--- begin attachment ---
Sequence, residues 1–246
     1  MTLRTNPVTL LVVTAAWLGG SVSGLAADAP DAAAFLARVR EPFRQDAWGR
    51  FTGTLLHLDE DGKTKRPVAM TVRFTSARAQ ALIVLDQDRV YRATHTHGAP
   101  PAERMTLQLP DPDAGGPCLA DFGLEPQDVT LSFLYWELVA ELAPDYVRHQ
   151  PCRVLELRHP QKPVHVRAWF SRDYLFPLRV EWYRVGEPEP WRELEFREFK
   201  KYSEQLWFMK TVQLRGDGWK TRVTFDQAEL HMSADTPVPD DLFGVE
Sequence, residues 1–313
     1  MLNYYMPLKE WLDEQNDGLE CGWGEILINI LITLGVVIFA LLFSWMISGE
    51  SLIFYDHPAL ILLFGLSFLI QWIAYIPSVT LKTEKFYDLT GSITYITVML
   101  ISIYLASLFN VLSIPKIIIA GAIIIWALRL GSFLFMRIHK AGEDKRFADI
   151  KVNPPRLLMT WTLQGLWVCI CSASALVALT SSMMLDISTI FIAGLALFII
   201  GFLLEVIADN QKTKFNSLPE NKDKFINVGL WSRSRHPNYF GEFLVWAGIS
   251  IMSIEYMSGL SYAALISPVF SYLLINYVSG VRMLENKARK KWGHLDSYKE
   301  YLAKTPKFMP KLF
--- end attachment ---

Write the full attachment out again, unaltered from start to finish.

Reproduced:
Sequence, residues 1–246
     1  MTLRTNPVTL LVVTAAWLGG SVSGLAADAP DAAAFLARVR EPFRQDAWGR
    51  FTGTLLHLDE DGKTKRPVAM TVRFTSARAQ ALIVLDQDRV YRATHTHGAP
   101  PAERMTLQLP DPDAGGPCLA DFGLEPQDVT LSFLYWELVA ELAPDYVRHQ
   151  PCRVLELRHP QKPVHVRAWF SRDYLFPLRV EWYRVGEPEP WRELEFREFK
   201  KYSEQLWFMK TVQLRGDGWK TRVTFDQAEL HMSADTPVPD DLFGVE
Sequence, residues 1–313
     1  MLNYYMPLKE WLDEQNDGLE CGWGEILINI LITLGVVIFA LLFSWMISGE
    51  SLIFYDHPAL ILLFGLSFLI QWIAYIPSVT LKTEKFYDLT GSITYITVML
   101  ISIYLASLFN VLSIPKIIIA GAIIIWALRL GSFLFMRIHK AGEDKRFADI
   151  KVNPPRLLMT WTLQGLWVCI CSASALVALT SSMMLDISTI FIAGLALFII
   201  GFLLEVIADN QKTKFNSLPE NKDKFINVGL WSRSRHPNYF GEFLVWAGIS
   251  IMSIEYMSGL SYAALISPVF SYLLINYVSG VRMLENKARK KWGHLDSYKE
   301  YLAKTPKFMP KLF